The hot water from the external monobloc unit goes into the house to a hot water tank in the bathroom. In Max and Juliette's house, the cupboard with the 250-litre hot water tank is 85 cm wide and 75 cm deep.   

That's a standard size for a hot water tank in a family home.  

However, many people with smaller homes removed their hot water tank 20 years ago when they installed their first combi boiler, and that space may now be used for storage.  So anyone installing a heat pump has to find that space. 

One disadvantage of monobloc units is that they need to be near(ish) the water tank — the maximum distance is usually around 7m. But that’s not a problem for a house of this size. It means you can’t put it at the bottom of the garden — but they’re usually put against the house wall anyway.  

And that's that. The system was simply connected to the existing heating system. The radiators weren't made bigger. And they don't have underfloor heating.

Running the numbers

The system cost around £8,000 after deducting the £5,000 government grant under the Boiler Upgrade Scheme.    

As for running costs, Max and Juliette don't have a consistent bill history that can give a clear picture. However, Max says: "I've compared a couple of bills with a neighbour, and we're paying half the price. But I'm not sure what temperature their thermostat is, and they have a young baby. But it is exactly the same size of house." (For more on costs, see the comment at the end of this article.)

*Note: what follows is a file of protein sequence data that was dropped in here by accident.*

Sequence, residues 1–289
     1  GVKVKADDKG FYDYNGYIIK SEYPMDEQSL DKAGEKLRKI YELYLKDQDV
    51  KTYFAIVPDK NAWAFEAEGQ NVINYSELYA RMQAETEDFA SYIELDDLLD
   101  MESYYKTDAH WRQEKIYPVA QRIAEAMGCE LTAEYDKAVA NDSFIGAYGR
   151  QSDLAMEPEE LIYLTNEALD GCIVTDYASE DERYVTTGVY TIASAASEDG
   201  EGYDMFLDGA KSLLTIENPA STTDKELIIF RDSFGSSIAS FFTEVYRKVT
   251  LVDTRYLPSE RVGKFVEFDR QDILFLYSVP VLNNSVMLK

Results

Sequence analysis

Max and Juliette's success with their heat pump is not unusual. A survey of over 2,500 owners by innovation charity Nesta in May showed 73% were satisfied or very satisfied with their heat pump. (Most of the people who weren't happy had moved into a home where it had been installed by a previous owner.) 

This is in stark contrast to coverage of heat pumps by some climate-sceptic newspapers, which regularly run articles on heat pump problems, often repeatedly recycling complaints from the same small group of disgruntled owners.   

Crucially, the Nesta survey found satisfaction wasn’t dependent on the age of the building — those with older houses were just as happy with their heat pumps as those with newer, more energy-efficient homes.  

Any regrets? Max says: “Definitely not. I would recommend it.” 

For more on heat pumps in HGS see our topics page on heat pumps.

Gren Manuel's comment on heat pump cost savings: Heat pumps are amazingly efficient; they typically turn one unit of electric energy into three units of heat. In contrast, gas boilers are wasteful: they turn one unit of gas energy into 0.85 units of heat.  On the other hand, gas energy is much cheaper than electrical energy. 

So the savings from a heat pump depend on the ratio between gas and electric prices, which is currently distorted by the energy price cap.  The likely long-term trend is that the gap will narrow, with gas becoming relatively more expensive and electricity relatively cheaper. This would make heat pumps fundamentally cheaper to run than equivalent gas boilers — but obviously that's not 100% certain. For a deep dive into this see this article from Nesta.

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Article created:6th July 2023    Last updated:11th July 2023